Lecture 5, Sept 1: Data structures for embedded graphs

We move from the representation of lines to the representation of planar subdivisions. Just as graphs are fundamental in computer science, embedded graphs are fundamental in spatial modeling applications.

Euler’s relation; a quick review

Here are some notes in Latex or PS that I’ll convert to html as soon as I find the converters here at UNC.

Edge based structures for connected graphs: winged- and quad-edge

Winged edge data structure of Baumgart, notes by Dr. C.-K. Shene: http://www.csl.mtu.edu/cs390-2/www/NOTES/model/winged-e.html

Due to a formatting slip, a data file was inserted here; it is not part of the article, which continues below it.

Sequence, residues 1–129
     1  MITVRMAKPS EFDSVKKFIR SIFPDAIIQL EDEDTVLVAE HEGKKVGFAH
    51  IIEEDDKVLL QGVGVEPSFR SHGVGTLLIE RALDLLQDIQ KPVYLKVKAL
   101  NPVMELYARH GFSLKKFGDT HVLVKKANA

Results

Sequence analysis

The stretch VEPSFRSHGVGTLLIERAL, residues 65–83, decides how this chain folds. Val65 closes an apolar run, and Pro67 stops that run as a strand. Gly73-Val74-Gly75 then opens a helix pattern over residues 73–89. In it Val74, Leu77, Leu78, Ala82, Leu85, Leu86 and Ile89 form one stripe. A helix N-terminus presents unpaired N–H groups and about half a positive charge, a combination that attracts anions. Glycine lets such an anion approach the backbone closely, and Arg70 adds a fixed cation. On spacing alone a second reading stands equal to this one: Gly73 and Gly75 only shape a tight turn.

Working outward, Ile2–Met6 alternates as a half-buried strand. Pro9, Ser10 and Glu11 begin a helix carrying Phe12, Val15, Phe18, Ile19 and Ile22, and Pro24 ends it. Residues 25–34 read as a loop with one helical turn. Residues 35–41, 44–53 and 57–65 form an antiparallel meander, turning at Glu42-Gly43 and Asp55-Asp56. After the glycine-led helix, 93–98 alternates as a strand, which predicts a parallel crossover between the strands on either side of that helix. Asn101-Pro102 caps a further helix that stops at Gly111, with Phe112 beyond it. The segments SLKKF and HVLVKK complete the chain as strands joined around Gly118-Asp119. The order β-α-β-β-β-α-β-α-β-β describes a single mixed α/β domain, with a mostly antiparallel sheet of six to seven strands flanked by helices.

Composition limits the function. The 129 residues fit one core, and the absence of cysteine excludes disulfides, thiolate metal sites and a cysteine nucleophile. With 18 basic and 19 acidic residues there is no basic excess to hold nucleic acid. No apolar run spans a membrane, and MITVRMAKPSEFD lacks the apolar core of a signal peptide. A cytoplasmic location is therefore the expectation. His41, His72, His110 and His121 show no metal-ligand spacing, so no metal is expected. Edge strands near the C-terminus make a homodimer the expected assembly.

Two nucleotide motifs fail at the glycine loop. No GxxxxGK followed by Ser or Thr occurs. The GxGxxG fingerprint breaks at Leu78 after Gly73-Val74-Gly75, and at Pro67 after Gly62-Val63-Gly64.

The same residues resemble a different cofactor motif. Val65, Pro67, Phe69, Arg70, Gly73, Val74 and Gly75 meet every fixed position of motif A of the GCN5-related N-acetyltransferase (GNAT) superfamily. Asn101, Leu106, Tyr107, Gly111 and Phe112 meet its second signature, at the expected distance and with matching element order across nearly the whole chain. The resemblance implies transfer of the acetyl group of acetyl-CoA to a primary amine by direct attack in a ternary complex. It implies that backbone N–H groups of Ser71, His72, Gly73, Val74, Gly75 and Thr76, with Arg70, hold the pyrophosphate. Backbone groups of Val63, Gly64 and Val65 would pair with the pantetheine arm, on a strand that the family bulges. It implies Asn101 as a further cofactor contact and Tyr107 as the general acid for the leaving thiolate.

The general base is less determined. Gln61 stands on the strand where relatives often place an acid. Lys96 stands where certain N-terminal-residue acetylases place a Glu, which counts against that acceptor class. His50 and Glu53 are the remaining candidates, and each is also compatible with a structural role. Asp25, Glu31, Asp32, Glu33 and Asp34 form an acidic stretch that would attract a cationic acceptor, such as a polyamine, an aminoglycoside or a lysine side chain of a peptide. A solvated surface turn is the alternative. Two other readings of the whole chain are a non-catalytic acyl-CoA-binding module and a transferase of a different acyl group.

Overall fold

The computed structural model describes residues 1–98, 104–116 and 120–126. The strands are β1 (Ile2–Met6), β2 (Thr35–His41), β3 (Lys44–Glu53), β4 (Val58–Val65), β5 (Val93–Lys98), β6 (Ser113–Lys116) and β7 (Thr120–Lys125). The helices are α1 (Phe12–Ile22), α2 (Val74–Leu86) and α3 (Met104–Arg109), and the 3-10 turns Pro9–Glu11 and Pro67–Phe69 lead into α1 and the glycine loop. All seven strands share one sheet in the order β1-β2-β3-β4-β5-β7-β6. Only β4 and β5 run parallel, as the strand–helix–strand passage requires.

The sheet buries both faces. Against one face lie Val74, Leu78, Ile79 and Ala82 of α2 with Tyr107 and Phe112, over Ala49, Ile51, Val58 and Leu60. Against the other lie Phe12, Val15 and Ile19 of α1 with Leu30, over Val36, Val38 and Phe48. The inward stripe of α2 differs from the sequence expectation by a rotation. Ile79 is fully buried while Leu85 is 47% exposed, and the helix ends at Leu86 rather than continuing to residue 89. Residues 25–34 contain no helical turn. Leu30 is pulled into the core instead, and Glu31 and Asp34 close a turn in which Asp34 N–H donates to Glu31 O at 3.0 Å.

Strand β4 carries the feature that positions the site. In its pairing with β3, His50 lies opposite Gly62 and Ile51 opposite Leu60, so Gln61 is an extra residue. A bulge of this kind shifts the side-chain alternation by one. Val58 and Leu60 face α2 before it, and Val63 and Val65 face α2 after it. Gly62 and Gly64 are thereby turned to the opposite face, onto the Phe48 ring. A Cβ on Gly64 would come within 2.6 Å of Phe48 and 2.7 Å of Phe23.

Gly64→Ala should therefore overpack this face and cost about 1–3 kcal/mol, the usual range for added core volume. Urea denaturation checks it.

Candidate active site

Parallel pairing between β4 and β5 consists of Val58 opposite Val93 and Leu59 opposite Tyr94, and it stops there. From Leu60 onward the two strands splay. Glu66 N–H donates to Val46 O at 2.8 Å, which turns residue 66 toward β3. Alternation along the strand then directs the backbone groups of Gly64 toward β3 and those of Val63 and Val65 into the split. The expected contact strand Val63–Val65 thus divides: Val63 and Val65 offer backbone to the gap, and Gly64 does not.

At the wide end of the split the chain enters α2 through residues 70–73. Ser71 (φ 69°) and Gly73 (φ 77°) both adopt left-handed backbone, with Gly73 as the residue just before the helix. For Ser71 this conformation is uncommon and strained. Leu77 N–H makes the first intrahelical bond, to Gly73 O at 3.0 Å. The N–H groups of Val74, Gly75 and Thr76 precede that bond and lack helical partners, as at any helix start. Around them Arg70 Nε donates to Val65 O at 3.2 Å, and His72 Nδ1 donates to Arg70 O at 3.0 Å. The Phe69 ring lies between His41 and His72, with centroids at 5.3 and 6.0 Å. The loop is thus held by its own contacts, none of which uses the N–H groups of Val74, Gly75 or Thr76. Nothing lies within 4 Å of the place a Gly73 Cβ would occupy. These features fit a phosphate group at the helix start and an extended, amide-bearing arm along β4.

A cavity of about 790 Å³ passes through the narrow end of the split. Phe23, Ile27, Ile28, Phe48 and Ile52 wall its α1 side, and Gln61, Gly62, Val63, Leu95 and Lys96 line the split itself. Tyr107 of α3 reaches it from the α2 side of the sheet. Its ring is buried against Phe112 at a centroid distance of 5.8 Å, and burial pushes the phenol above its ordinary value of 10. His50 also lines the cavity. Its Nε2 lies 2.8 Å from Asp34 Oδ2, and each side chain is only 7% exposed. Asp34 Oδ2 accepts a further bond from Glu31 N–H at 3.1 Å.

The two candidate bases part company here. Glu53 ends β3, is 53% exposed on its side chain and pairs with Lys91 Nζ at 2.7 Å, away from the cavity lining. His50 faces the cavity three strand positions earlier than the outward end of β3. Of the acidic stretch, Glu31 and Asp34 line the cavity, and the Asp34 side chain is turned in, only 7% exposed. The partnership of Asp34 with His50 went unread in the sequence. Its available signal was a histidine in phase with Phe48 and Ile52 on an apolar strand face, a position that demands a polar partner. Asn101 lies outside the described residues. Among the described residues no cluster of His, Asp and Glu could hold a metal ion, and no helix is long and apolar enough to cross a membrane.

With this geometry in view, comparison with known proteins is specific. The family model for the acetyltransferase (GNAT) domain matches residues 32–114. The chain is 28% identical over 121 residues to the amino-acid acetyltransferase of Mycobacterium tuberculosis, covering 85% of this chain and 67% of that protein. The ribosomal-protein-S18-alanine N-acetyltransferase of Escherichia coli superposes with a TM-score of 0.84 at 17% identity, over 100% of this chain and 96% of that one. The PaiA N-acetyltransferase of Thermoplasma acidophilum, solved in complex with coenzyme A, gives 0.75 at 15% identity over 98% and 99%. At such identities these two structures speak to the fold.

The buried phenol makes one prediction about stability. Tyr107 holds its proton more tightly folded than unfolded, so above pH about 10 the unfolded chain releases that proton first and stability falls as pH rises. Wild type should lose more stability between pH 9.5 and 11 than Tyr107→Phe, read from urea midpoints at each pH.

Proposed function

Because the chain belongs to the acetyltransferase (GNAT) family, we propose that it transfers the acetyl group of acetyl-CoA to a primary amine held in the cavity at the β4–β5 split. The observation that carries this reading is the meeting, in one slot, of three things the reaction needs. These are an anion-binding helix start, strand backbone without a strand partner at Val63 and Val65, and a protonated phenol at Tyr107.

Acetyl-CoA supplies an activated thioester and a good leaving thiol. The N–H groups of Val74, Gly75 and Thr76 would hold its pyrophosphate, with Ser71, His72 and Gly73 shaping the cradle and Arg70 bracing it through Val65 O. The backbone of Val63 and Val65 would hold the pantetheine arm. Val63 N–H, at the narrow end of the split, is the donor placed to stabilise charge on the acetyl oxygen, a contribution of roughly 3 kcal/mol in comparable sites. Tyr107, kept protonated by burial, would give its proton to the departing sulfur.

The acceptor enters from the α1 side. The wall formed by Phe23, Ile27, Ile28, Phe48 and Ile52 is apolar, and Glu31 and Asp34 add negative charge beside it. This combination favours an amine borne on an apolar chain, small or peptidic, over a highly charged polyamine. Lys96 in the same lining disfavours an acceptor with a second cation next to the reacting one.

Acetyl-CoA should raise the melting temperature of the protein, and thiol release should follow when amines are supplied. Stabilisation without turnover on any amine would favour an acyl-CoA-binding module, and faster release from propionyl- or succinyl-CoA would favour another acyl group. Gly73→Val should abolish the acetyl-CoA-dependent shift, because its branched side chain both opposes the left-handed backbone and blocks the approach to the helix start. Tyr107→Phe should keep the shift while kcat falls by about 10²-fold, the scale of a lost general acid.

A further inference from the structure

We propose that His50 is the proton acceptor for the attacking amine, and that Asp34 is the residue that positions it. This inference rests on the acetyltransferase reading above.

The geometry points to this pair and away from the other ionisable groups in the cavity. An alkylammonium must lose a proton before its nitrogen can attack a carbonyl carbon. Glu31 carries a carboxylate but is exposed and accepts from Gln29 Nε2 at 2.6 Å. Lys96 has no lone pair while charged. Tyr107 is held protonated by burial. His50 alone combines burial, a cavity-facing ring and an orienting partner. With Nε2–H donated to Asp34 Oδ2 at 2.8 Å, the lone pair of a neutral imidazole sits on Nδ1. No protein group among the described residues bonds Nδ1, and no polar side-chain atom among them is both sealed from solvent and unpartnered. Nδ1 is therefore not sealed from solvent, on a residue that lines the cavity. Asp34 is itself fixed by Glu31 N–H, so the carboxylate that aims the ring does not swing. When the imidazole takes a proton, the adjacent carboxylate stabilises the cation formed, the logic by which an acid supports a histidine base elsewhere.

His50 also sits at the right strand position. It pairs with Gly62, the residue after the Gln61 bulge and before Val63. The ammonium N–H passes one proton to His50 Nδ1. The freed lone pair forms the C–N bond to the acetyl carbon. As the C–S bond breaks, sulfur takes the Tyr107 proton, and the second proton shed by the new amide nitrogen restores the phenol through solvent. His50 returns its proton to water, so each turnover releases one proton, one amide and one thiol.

Leonidas Guibas and Jorge Stolfi. "Primitives for the manipulation of general subdivisions and the computation of voronoi diagrams." *ACM Transactions on Graphics*, 4(2):74-123, April 1985.

Many implementations. C code at http://www.dcc.unicamp.br/~stolfi/EXPORT/software/c/libquad/

Dani Lischinski. *Graphics Gems*, volume IV, chapter Incremental Delaunay Triangulation, pages 47-59. Academic Press, Inc, 1994.

Supposed to be at www.acm.org/tog/GraphicsGems/

Other Links

In GIS literature usually refers to the study of embedded graphs as Topology; if you want more vocabulary from a GIS perspective: http://www.gisca.adelaide.edu.au/~bbryan/lectures/conc_vec_gis/

The US Census was one of the biggest pushes for topologically-structured GIS data. See, e.g., the TIGER data format manual (in PDF)